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Priest...Live! might lack the personality and controversy surrounding the first Judas Priest live effort Unleashed in the East, but it compensates by providing a natural update to the band's canon in that it doesn't seek to retread the use of the 70s material in the set list. So, for the fan of the band's 80s period, this was the 'modern' Priest, and since they had been pursuing a new style for their latest studio outing Turbo, it makes a whole lotta sense, really. Would that they had stuck to this policy of recording only newer material for subsequent offerings of this sort, one per decade, I'd have a savage respect for the squad, but due to the change in singers and the long gaps in their recorded output through the ensuing decades, that would not turn out to be the case.
So the tracks chosen for this set were once again culled from numerous dates performed in June '86 at The Omni in Atlanta, Georgia and the Reunion Arena in Dallas, Texas. Having seen the band a few times here in the States, I can vouch for their collective professionalism and explosive sets across the aeons, but what I enjoyed the most about this offering was simply that I got to hear a number of tunes in the set that I don't normally or would never again normally expect on any of their big tours. Namely because it incorporates a bunch of the Turbo material. "Out in the Cold", "Rock You All Around the World", "Private Property", "Parental Guidance" and of course "Turbo Lover". That last one is admittedly a fixture at many of their gigs, but to hear the others from such a divisive record (which I happen to enjoy) is pretty sweet. I'm not sure of the validity of using "Out in the Cold" as the opener, it feels mildly lethargic (as it does on the studio incarnation) and doesn't exactly build up the listener's excitement, but for all I know they didn't actually do the songs in anything near this order at the actual dates. Otherwise, the material sounds pretty smooth. The synthesizer elements aren't as wild as they were on Turbo, Rob's voice is well sharpened and right on the money, and the guitar chords sound robust without leeching from the rest of the band.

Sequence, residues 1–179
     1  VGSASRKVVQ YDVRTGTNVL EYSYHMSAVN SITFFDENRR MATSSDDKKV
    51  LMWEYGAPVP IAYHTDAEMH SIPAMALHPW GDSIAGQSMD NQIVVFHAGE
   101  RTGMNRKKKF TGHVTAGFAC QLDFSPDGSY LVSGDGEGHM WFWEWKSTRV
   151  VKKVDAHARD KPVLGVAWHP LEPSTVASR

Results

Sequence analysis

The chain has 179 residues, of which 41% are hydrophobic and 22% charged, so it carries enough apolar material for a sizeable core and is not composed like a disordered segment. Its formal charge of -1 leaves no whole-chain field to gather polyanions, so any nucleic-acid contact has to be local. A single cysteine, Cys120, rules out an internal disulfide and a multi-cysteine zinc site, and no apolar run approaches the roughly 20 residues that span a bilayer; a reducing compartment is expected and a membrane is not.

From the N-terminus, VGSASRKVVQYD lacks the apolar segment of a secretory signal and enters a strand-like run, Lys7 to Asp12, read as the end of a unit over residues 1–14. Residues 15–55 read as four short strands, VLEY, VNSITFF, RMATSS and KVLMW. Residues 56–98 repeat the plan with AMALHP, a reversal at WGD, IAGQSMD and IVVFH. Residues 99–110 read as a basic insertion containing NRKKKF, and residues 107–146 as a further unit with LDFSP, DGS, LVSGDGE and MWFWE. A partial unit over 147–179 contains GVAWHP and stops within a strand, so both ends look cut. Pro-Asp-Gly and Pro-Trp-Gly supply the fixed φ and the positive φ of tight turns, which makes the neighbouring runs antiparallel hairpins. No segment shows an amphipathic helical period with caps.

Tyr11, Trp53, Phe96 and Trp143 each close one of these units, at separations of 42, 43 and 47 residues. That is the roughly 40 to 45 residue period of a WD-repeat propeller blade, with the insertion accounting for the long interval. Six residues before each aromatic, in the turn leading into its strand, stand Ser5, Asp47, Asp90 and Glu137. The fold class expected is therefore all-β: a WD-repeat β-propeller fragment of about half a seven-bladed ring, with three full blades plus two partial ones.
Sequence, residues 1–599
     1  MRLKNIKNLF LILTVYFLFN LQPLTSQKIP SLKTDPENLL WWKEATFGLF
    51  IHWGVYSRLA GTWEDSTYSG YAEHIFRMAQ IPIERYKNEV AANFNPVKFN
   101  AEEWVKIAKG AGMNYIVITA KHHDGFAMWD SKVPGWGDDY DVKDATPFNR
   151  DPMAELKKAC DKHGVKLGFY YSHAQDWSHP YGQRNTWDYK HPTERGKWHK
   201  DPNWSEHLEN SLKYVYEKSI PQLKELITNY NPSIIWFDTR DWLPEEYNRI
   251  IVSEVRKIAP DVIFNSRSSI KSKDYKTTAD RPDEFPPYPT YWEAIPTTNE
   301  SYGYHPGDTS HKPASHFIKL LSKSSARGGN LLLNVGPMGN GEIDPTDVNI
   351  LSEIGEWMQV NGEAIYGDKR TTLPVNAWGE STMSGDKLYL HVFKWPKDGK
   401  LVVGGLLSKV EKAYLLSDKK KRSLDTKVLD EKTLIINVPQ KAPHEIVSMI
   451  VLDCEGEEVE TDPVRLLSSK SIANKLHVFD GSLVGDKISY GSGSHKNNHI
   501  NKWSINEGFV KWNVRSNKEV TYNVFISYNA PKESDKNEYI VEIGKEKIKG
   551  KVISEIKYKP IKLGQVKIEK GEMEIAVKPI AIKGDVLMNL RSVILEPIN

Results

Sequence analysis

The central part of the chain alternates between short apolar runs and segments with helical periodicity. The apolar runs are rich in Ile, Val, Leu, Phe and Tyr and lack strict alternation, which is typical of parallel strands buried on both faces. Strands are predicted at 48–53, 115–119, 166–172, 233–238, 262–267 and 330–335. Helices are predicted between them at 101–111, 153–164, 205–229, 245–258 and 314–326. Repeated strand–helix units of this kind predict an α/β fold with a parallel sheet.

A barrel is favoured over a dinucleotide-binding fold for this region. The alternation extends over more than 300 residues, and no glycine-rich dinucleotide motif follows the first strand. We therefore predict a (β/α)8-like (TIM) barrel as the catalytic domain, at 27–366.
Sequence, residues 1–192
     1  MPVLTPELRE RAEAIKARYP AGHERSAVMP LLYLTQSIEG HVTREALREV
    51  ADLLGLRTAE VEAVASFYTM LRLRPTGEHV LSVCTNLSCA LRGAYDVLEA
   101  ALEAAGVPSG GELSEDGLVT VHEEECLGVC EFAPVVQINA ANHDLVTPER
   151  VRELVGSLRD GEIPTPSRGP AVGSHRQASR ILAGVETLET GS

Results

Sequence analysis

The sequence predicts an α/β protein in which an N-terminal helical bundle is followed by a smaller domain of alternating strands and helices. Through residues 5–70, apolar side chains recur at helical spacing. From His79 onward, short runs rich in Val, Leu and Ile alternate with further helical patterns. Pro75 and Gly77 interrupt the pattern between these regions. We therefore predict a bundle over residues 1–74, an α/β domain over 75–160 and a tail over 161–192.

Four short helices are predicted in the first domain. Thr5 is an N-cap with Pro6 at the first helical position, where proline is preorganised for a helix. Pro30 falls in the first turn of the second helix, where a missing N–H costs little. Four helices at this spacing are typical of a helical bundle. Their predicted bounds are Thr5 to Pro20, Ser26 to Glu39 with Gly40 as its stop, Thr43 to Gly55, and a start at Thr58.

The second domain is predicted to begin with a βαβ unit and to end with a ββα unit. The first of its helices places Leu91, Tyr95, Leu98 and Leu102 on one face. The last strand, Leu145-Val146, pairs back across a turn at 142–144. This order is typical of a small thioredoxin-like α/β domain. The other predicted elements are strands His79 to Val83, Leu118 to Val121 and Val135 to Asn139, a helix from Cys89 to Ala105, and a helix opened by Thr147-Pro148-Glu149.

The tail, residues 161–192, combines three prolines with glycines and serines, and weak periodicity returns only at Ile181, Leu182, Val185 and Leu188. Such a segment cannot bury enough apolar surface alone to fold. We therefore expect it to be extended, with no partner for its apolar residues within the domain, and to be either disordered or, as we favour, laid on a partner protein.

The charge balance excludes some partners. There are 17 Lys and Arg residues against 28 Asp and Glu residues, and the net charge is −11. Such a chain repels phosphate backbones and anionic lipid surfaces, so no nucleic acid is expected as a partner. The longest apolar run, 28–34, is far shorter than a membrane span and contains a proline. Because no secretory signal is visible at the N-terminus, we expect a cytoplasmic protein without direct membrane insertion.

Of course, this was also the first opportunity for me to have a live album with some of my favorites from their earlier 80s material, some of which numbered among my favorites of that period. Obviously the huge hits like "Breaking the Law", "You've Got Another Thing Comin'", "Heading Out to the Highway" and "Living After Midnight" were included in the set, after all these were the ones loading up their bank accounts, but I was also pretty excited for versions of "The Hellion/Electric Eye", "Freewheel Burning", "Metal Gods" and "The Sentinel", all of which sound pretty clean here, though occasionally too clean that they come of so polished that some of the natural, inherent aggression seems leeched. I feel like this is due to the mass levels of reverb and expansive sound that were likely needed to fill these arenas, but they still sound pretty close to their studio counterparts, although a few of the lead sequences are altered. The crowd response sounds a lot more genuine than Unleashed in the East, and Rob's voice a little broader and less piercing, and then there's the fact that this is simply more substantial of an offering at well over 70 minutes and nearly twice the set.
Priest...Live! doesn't carry that same nostalgic value I had for the first album, and some of the songs seem a little too tidy and restrained, but I'll take this any day over the Ripper-led live albums the band would produce many years later, and it's nice that the band decided not to rehash the material from Unleashed in the East, as if to let it all stand on its own as a documentation of the band's evolution. Or, they were likely just tired of those songs by the mid-80s. Ultimately, though, this is worth a pick up only to those who are not turned off by the heavy presence of Turbo. In recent years I've been starting to fancy live albums that feel more focused and authentic (from a single gig), but looking back at the past favorites this was almost never the case. Priest...Live! is certainly not a favorite from this period, but it does its job enough to satisfy an ear attuned to Screaming With Vengeance, British Steel, Defenders of the Faith, Turbo, etc.